Once again, the Corcoran Neighborhood Organization office will turn into a warm and welcoming bookstore and bakery on the first Saturday of February. Many gently used books and delicious homemade baked goods will be for sale at very affordable prices. Music will be played during the morning hours. Come browse for books while enjoying hot beverages and delicious treats. Event sponsors include Shear Art Studios, May Day Café, Bill Oliver (realtor), and Moon Palace Books. All proceeds benefit the many projects and activities of CNO.
Corcoran Book and Bake Sale
Saturday February 4th
Corcoran Neighborhood Organization Office
3451 Cedar Ave. S.
Used book donations will be accepted through February 1st at the CNO office and the Corcoran Park Recreation Center (3334 20th Ave S). Volunteers are also welcome to help sort books prior to the sale on January 31st and February 2nd from 6 to 8pm.
Minneapolis Public Schools Adult Education Program (MPS-AE) is thrilled to be part of the U.S. Citizenship and Immigration Services Citizenship and Integration Grant Program (USICS). MPS-AE was awarded the USICS grant in conjunction with Mid-Minnesota Legal Assistance (MMLA) located in Minneapolis. MMLA serves the legal needs of Legal Permanent Residents in the naturalization process. MPS-AE teachers help with the English speaking, listening, reading, and writing components of the naturalization exam and interview. Teachers also educate students on the U.S. history and civics portion of the exam and interview.
According to USCIS Director León Rodríguez, the USICS Citizenship and Integration Grant Program has been a key priority in the
Obama Administration. The focus of the grant is to move permanent residents from their current status to that of a U.S. citizen in order to participate in a lifetime of elections, and to claim rights and full participation in U.S. society. There were well over 800,000 naturalizations in the United States last year and the USCIS Citizenship Integration Grant Program assisted some of the new U.S. citizens with the naturalization process.
As of October, 40 percent of Minneapolis Solid Waste & Recycling customers have signed up for organics recycling, making the Minneapolis program one of the most successful opt-in programs in the county. This is an important milestone, as a study conducted before the program was rolled out estimated a 40 percent opt-in participation rate.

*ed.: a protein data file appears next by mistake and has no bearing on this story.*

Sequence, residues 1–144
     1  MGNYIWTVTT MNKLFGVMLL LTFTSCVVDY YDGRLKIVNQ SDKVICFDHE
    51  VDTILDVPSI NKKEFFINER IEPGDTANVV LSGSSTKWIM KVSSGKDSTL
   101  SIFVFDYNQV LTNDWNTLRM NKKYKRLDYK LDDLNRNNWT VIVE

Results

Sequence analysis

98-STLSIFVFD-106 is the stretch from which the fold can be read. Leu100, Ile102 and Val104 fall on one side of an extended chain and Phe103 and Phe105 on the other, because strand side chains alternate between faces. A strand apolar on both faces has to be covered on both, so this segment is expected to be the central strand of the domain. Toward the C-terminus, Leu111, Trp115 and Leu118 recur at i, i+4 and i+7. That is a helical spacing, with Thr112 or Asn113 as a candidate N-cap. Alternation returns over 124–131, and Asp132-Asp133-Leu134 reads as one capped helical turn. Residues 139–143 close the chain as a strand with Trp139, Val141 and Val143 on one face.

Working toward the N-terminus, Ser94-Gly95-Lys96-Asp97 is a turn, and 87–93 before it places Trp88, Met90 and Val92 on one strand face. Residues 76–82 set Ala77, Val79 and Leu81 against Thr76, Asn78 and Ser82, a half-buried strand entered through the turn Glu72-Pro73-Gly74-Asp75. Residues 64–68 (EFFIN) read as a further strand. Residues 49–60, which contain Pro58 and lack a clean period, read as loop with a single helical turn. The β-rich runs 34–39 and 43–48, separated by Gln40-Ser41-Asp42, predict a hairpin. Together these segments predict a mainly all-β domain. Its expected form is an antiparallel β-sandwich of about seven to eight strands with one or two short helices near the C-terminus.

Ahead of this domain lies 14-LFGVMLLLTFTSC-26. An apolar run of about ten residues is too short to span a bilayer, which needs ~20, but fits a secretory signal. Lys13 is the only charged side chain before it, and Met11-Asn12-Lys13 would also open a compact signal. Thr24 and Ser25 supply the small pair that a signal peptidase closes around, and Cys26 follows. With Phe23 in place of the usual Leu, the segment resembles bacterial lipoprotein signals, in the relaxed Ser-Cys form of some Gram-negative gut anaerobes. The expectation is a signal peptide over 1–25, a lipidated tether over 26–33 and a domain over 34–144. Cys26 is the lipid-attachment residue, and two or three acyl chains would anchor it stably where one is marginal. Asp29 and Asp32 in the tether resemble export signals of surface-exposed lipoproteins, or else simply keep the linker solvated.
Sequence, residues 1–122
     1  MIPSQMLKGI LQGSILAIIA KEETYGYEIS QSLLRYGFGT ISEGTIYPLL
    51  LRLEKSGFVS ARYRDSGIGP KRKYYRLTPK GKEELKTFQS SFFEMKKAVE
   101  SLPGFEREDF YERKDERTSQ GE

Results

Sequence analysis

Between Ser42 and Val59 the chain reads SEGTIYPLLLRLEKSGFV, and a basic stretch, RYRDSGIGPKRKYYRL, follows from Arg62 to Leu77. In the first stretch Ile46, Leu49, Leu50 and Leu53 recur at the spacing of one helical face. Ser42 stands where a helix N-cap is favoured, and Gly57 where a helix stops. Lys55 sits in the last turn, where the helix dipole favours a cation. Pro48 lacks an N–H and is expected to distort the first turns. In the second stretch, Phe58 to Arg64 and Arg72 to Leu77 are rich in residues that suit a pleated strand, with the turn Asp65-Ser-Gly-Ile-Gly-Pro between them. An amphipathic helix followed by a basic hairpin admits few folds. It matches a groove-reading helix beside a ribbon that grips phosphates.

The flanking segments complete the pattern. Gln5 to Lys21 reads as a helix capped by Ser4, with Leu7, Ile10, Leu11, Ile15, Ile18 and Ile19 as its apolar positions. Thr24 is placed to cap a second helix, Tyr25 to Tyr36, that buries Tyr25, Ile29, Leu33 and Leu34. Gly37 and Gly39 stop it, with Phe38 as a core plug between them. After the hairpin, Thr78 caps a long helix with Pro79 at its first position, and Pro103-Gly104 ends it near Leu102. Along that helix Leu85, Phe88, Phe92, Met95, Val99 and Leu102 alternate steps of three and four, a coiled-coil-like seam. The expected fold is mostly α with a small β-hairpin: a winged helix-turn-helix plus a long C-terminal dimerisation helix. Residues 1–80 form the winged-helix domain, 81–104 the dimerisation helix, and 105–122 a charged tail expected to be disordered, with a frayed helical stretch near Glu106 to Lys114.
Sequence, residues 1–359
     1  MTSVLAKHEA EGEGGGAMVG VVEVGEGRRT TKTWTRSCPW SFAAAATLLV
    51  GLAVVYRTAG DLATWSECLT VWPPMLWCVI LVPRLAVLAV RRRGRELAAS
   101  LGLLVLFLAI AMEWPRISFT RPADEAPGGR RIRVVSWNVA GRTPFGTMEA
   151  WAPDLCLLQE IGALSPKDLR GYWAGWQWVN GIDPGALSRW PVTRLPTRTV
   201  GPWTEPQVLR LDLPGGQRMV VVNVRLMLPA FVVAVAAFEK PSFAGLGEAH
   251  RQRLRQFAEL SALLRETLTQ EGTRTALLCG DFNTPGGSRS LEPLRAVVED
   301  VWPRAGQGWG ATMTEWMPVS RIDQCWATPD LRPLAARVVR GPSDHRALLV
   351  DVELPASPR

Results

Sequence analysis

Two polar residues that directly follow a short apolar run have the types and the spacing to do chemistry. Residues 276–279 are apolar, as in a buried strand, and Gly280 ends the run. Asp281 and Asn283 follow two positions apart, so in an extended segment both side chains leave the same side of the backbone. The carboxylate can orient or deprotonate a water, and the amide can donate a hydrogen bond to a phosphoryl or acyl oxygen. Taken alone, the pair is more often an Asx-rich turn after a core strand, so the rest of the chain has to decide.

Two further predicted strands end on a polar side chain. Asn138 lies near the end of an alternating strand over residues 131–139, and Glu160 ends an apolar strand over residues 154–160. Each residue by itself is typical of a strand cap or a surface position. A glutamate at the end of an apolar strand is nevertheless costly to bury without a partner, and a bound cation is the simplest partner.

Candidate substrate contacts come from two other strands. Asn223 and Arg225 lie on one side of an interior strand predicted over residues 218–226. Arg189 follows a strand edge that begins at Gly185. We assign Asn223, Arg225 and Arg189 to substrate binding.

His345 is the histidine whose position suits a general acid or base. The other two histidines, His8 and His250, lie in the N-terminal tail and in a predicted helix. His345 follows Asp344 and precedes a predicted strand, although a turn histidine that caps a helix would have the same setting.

Here is how organics recycling for composting works:
1) Minneapolis Solid Waste & Recycling customers sign up for a green organics collection cart. There isn’t any extra cost for a cart because it is already included in customers’ base fee for services.
2) Residents collect organics in compostable bag and bring it out to their organics cart.
3) Items that are accepted in organics recycling include all food scraps, un-lined non-recyclable paper products, and other compostable products. A full list can be found at www.minneapolismn.gov/organics.
4) Collection crews empty organics carts once a week, on the same day as garbage, and organics are brought to a commercial composting facility in Rosemount, MN where they are turned into compost instead of being incinerated at the Hennepin County Energy Recovery Facility.
To sign up for organics recycling, and for more information about organics, visit the city’s website at www.minneapolismn.gov/organics or call 612-673-2917.
Thank you to those who invested in CNO in October and for Give to the Max Day! Your generosity contributes to CNO building up participation and leaders, addressing renters' rights issues, and running a robust farmers market. We rely on the participation, leadership, and financial support of residents like you. In our fall giving campaign, our goals are:
- To raise $5,000. We have raised $3,156, with $1,844 left to raise before December 31.
- To add 15 new sustainers, with 2 new sustainers thus far.
- To add 25 new givers. 12 donors have given for the first time!
You still have time to give before December 31. Go to www.corcoranneighborhood.org to donate.
Barbara and Stephen Greenhalgh
Russ and Jenna Grigsby*
Eric and Kimara Gustafson*
Heidi Johnson McAllister
D & B Leaneagh
Kim and Tom Medin*
April and Simon Riordan
Roberto de la Riva
Adam and Devin Tomczik*
*denotes CNO Sustainers
One of the founding members of the library, Rebecca Nutter, says the library believes in reducing its environmental impact when it comes to toys, that when toys are broken or unusable, there needs to be a way to recycle instead of tossing them in the garbage. Nutter thinks families will be excited to use the Zero Waste Box because it provides an option for recycling that is not otherwise available in Minneapolis.